With the current COVID-19 pandemic impacting many aspects of our lives, understanding the data and models around COVID-19 data are ever more crucial. Understanding the potential number of cases impacts the guidance around our policies (needing more hospital ICU beds, when to ease stay at home orders, when to open schools, etc.). In this session, we will focus on some exploratory data analysis to understand the accuracy of these models. We will then use machine learning models to improve them.

– Thanks for joining us today, in the session we’ll be talking about improving the IHME Covid Model.

On the session today, I’m Scott Black, and we also have Denny Lee as well.

For the agenda, first of all we’ll be talking about how to build a COVID-19 Data Lake and some of the challenges around doing that, and then next I will be speaking about how we can use our COVID Data Lake to try and improve the predictions that we’re getting from the IHME model.

So first, a little bit of background about myself, I’ve been working in a pre-sales role for about the last 10 years helping different organizations getting value out of their data, and then before that, I spent about another 10 years or so, and coming from the RDBMS world working quite heavily in e-commerce and in the healthcare sector and in during that time I also helped contribute to several Oracle books. Now I’d like to introduce Denny. – Hey, thanks very much Scott. Hi everybody, my name is Denny Lee and I’m a Staff Developer Advocate here at Databricks. I’ve been working with Spark since around zero dot five. Formerly I was a Senior Director of Data Science and Engineering at Concur, also a Principal Program Manager at Microsoft where I was actually responsible for helping to build Azure HDInsight, one of the nine people to co-help create it, as well SQLCAT BI/DW Lead at Microsoft as well. So, let’s get started.

– So let’s start by trying to understand the Johns Hopkins dataset that we’re gonna be using to better understand the IHME model and try to improve it. As you can see from this particular graph, this is a visualization of COVID-19 cases by county per a hundred thousand people between March 22nd and April 14th of 2020. As you can see from the animation, the rapid exponential growth that you see here of the COVID-19 cases in the United States. If you wanna recreate this, there’s actually a notebook linked in this notebook that will allow you to recreate this particular visualization of the Johns Hopkins dataset.

Now what’s interesting about the Johns Hopkins dataset

is that the schema of it actually changes overtime. It is a very, very useful dataset to understand COVID-19 cases. But as you’ll notice for example here on the 21st, there are per what see, eight columns that are available for you to process the data.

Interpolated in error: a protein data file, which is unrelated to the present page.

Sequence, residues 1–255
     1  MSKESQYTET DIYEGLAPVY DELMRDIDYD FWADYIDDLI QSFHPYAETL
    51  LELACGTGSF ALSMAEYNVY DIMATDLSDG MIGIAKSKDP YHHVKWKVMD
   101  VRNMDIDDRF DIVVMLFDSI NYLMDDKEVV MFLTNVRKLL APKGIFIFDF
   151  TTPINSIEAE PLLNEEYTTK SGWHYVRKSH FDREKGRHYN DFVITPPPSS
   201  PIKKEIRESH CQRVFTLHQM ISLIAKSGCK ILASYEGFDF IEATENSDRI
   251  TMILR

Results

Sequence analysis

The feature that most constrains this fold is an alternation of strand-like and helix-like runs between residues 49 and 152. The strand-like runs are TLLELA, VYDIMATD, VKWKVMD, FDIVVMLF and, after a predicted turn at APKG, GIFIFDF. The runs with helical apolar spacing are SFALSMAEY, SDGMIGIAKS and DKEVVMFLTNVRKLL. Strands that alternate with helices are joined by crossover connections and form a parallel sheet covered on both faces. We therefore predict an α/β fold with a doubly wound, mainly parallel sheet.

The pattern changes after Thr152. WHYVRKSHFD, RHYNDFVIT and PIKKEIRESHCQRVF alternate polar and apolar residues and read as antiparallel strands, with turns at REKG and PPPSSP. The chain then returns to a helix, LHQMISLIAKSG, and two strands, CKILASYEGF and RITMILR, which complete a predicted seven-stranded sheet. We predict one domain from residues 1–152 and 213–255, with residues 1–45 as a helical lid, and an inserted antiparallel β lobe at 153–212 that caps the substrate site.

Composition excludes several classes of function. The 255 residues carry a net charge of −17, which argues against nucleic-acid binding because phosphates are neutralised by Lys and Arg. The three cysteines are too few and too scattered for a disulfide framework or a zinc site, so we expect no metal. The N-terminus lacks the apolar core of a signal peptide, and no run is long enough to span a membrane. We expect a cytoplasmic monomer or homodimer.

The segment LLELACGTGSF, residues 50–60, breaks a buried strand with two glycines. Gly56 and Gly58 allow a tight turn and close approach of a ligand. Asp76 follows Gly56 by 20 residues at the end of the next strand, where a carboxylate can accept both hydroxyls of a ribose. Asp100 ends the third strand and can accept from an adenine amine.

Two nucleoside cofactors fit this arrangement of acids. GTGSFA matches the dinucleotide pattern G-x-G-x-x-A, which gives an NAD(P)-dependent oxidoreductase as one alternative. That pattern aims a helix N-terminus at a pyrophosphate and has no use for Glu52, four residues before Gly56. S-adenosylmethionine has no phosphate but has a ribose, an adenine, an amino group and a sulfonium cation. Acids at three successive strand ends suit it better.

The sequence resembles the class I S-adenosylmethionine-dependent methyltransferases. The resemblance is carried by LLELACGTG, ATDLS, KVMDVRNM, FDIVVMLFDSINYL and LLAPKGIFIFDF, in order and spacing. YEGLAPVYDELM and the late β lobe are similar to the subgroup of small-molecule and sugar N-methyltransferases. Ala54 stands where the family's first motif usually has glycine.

I was to look at the next day on the 22nd, you’ll notice that there are 13 columns. And so the first notebook that we’re showing here, which we also will provide to you, is a Data Prep that allows you to go ahead and take in account of the fact that the schema of the data changes over time.

So if I skip ahead to this particular code snippet, you notice that that’s exactly what’s going on here. There are three different schemas as of when we originally wrote this notebook, which is on the April 8th 2020, in fact, there’s actually a fourth schema change that just happened recently at the time of this particular session. So nevertheless, we have the different schemas, this case that we’ve listed out based on the timeframe that we’re working with. And then finally, when you notice that the processing of this notebook kicks in, you’ll notice the different schemas for the different dates before the first of March, they’re these set of columns but from March 1st to March 22nd, they’re these set of columns and so forth and so forth, on March 22nd onwards. Now, what we did is we created a Data Lake table so we could keep track of not just the information that was recorded, but also any optimizations that we wanted to do, and as well if that we didn’t want to do any deletions or updates to the table, we had a transaction log to keep track of us. This is very handy, especially when you’re dealing with schema changes. So for example, here are some examples of what we had done to the table. The other thing we did, as you noticed from the previous notebook, we also included per 100,000 cases, so we needed to get the 2019 population estimates. So we download this from the US Census, and here you go. Created state and county table similar to the one you’re seeing here right now, that allow us to go ahead and not only provide the overall case numbers as per the Johns Hopkins dataset, but also include the per 100,000 people, so you can actually have, understand the population densities.